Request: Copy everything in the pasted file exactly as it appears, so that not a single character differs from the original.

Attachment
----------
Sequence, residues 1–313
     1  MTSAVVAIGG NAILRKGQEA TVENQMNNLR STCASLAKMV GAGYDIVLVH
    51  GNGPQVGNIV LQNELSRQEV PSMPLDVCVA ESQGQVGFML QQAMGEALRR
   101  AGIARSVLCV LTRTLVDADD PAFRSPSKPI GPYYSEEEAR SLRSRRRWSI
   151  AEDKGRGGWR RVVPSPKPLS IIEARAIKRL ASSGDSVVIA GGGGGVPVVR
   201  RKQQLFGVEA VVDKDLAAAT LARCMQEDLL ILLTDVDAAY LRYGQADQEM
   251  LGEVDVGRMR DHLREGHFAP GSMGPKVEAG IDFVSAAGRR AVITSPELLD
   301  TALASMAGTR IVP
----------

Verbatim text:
Sequence, residues 1–313
     1  MTSAVVAIGG NAILRKGQEA TVENQMNNLR STCASLAKMV GAGYDIVLVH
    51  GNGPQVGNIV LQNELSRQEV PSMPLDVCVA ESQGQVGFML QQAMGEALRR
   101  AGIARSVLCV LTRTLVDADD PAFRSPSKPI GPYYSEEEAR SLRSRRRWSI
   151  AEDKGRGGWR RVVPSPKPLS IIEARAIKRL ASSGDSVVIA GGGGGVPVVR
   201  RKQQLFGVEA VVDKDLAAAT LARCMQEDLL ILLTDVDAAY LRYGQADQEM
   251  LGEVDVGRMR DHLREGHFAP GSMGPKVEAG IDFVSAAGRR AVITSPELLD
   301  TALASMAGTR IVP